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From Wikipedia, the free encyclopedia

Bob Chapek
Bob Chapek (49607223226) (cropped).jpg
Chapek in 2020
Chief Executive Officer of The Walt Disney Company
Current holder
Assumed position
February 25, 2020 (2020-02-25)
Preceded byBob Iger
Chairman of Walt Disney Parks and Resorts
Tenure
February 23, 2015 (2015-02-23) – February 25, 2020 (2020-02-25)
Preceded byThomas O. Staggs
Succeeded byJosh D'Amaro
Personal details
Born
Robert Chapek

(1960-08-21) August 21, 1960 (age 60)
Hammond, Indiana, U.S.
Spouse(s)
Cynthia Ann Ford
(m. 1980)
Children3
Education

Bob Chapek (born August 21, 1960) is an American media executive and businessman who is chief executive officer (CEO) of The Walt Disney Company. Before becoming CEO on February 25, 2020, he had a 26-year career with The Walt Disney Company, beginning in the Home Entertainment division, and rising to become the Chairman of Disney Parks, Experiences and Products.

Early life

Robert Chapek was born on August 21, 1960 in Hammond, Indiana to a working mother and father, Marie (Lofay) and Bernard W. Chapek.[1][2][3] His father was a World War II veteran. Because both of his parents worked, Chapek described himself as a "latch-key kid" at a time when this was uncommon.[4] Chapek said that watching both parents work "instilled a work ethic in me, and [they] worked hard for the nicer things in life. I saw their role-modeling, and it made a permanent impact on my drive and ambition."[5] His family went on annual trips to Walt Disney World.[6]

Chapek graduated from George Rogers Clark Jr./Sr. High School in 1977.[5] He later went on to get his bachelor's degree in microbiology at Indiana University Bloomington and his Master of Business Administration at Michigan State University.[7]

Early career

Chapek worked for the H. J. Heinz Company in brand management[6] and in advertising for J. Walter Thompson before joining The Walt Disney Company in 1993.[8]

Career with The Walt Disney Company

Home Entertainment

Chapek began his career with the Walt Disney Company in 1993. He started as the marketing director for the company's Buena Vista Home Entertainment division, which at that point was still very much focused on VHS tapes. The then-CEO Michael Eisner described Chapek by saying, "He was always an executive that you knew would be on the rise... He knew how to grow the business while adjusting to the changing marketplace, which was intense." Chapek is credited for bringing Disney's home entertainment division into the digital age, by focusing on releasing properties on DVD and later Blu-ray discs.[9]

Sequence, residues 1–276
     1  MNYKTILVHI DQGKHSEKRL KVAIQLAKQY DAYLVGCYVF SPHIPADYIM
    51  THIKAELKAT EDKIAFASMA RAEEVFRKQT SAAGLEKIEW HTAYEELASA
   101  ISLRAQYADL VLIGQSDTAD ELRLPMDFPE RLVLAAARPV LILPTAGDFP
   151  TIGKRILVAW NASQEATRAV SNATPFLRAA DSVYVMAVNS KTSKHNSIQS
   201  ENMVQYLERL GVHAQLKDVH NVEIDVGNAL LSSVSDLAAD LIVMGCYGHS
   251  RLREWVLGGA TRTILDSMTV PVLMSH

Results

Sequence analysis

In July 2006, he was promoted to become the president of Buena Vista Home Entertainment, which included all home video, DVD, and Blu-ray releases for all the various divisions.[10]

In 2009, he became president of distribution for Walt Disney Studios.[11]

President of Consumer Products

Chapek was appointed president of Disney Consumer Products in September 2011.[12] After the acquisition of Lucasfilm, Chapek integrated Star Wars merchandise into Disney's licensing program, ensuring that Disney became the world's largest licensor of intellectual property.[13] In 2013, Chapek secured a deal with Hasbro, whereby the toy company paid Disney $80 million in royalties to extend the license for Marvel toys and an agreement for Hasbro to pay Disney up to $225 million for the rights to forthcoming Star Wars merchandise.[14]

In 2014, Chapek launched the Disney Imagicademy, which was a suite of numerous tablet and smart-phone apps designed to give children high quality learning games.[15] This was Disney's first full foray into the learning-app market. Chapek said he spearheaded this initiative after numerous parents told his department that they found it difficult to find high quality learning apps out of the thousands that were available online.[16]

Chairman of Parks and Resorts